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Almost 20 years ago, in 2004, the Children Act 2004 set out the Children’s Commissioner’s primary function: to promote and protect the rights of children in England, including promoting awareness of their views and interests.

Since starting my post as Children’s Commissioner in March 2021 I have put children’s voices at the heart of everything I have done. Starting with The Big Ask, the largest ever survey of children in England which heard from an incredible 550,000 children to my recent work on Attendance which has involved speaking directly with more than 300 children across the country.

My office and I are always thinking about the best way to give children the opportunity to make their voices heard, from online surveys to focus groups to visits to settings, including where children are resident away from home.

It’s not enough to only hear from children – we must act on what they tell us. I do this through publishing reports and blogs on what children have told me and recommend policy changes that reflect what children really need to make their lives better.

This year, again, all my work will be guided by children’s voices and experiences. To build on the work of the past two years I have recently launched my children’s advisory board. The advisory board will make sure that children are central to our decision making so that everything we do is rooted in the lived reality of England’s children.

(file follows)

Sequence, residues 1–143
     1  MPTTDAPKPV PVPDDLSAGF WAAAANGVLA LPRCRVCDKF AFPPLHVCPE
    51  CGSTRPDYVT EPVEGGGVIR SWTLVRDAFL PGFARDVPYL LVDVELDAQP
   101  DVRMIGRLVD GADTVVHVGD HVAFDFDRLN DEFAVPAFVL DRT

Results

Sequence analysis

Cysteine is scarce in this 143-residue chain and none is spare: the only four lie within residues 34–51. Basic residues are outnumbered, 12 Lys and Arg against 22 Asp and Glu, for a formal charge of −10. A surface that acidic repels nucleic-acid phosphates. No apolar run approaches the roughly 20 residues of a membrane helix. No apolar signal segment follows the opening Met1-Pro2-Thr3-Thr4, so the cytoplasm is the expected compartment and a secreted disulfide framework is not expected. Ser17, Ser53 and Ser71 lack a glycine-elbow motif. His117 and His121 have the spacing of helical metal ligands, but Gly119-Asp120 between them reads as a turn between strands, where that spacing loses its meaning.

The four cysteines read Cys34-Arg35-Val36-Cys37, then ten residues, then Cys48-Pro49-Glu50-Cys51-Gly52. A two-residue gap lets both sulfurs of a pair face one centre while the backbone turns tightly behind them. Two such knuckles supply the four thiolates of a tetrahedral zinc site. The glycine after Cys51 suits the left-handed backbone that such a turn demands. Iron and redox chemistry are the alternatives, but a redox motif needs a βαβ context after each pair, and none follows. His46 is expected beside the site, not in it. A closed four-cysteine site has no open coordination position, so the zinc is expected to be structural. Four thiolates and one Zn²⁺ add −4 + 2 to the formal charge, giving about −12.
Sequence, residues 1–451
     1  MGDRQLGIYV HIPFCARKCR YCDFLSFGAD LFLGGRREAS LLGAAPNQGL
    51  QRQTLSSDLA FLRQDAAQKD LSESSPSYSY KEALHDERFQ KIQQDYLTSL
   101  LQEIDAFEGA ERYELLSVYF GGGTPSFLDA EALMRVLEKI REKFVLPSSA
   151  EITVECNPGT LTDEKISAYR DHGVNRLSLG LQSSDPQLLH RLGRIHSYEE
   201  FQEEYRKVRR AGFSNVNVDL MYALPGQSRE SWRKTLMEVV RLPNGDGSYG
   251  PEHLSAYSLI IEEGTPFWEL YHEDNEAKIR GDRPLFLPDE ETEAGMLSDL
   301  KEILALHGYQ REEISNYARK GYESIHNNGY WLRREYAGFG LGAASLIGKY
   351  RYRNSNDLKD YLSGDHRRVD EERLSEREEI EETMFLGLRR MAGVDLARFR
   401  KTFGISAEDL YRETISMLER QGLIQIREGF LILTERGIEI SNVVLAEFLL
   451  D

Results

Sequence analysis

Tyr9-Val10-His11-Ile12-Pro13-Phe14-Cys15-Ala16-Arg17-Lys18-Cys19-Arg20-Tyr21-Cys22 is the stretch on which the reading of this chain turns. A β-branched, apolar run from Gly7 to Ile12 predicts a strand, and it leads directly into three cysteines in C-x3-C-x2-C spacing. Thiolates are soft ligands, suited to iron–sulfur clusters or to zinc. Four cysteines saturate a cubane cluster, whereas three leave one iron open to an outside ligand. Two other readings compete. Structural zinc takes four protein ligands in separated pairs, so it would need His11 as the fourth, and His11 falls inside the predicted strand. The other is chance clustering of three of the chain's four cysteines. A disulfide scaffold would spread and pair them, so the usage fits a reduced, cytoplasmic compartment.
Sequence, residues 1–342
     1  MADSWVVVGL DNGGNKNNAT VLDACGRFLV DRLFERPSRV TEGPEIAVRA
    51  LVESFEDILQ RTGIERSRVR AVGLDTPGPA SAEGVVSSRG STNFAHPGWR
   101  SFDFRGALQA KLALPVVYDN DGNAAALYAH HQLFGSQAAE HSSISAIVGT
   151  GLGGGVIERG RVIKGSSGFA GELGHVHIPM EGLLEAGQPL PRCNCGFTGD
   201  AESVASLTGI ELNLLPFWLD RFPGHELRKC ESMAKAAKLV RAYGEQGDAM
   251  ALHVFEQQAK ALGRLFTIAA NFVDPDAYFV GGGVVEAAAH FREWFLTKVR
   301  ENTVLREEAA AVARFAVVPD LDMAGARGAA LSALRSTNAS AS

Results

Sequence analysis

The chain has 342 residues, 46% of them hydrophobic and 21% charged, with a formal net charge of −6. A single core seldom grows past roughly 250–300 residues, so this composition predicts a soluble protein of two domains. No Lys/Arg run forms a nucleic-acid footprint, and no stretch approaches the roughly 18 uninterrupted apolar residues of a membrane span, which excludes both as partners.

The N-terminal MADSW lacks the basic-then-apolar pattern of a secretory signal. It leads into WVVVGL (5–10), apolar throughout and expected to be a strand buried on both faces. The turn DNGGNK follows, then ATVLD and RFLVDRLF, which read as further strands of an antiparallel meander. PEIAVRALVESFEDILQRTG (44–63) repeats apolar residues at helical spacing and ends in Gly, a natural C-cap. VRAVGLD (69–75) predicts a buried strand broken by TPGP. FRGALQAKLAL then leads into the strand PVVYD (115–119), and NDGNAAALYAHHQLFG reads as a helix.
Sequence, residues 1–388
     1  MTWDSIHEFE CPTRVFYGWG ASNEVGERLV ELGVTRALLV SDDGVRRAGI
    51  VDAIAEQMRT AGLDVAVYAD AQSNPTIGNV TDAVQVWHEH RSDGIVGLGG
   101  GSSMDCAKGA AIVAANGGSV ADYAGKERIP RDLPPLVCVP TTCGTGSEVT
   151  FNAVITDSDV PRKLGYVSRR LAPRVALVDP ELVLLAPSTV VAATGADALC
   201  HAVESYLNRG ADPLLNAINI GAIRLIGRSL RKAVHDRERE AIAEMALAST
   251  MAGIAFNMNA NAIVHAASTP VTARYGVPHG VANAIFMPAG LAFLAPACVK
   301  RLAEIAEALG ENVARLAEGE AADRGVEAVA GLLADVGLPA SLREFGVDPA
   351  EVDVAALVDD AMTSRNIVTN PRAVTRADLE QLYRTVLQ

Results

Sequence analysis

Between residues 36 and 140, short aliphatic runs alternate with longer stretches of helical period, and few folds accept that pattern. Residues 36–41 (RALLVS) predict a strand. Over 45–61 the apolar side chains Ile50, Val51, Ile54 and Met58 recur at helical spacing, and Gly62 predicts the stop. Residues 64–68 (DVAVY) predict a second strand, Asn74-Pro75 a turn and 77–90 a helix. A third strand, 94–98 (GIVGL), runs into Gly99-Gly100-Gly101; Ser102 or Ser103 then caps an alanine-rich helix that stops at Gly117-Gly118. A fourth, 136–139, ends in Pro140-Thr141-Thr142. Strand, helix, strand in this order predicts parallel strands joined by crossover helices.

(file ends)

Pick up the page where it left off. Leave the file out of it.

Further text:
In 2023, children will be at the receiving end of some of the old and new challenges this country faces, such as the cost of living crisis, waiting times for mental health support, and lack of provision for children with Special Educational Needs and Disabilities (SEND). In the context of some of those challenges for young people today, one 16 year old boy who my team met during the work for The Family Review said:

‘I think young people’s ideas get shut off by older people thinking they’re foolish and stuff when some young people have smart and intelligent ideas and they might not want to share them because they might feel no one will be listening to them and they’ll be judged. They just stay quiet.’ Boy, 16, who CCo met at a youth group, Family Review.

This year, let’s all make a conscious and active effort to change this. Children mustn’t feel like they’re not being listened to and stay quiet. To bring about change, children must feel empowered to be involved in the decisions that affect their lives. They are the experts in their own life experience.

It’s important to listen to children this year. It’s important to listen to children every year, every day, all the time.

So, let’s do it. If you’ve got any ideas for what we need to speak about in 2023 – let the Office know #listeningtochildren2023.

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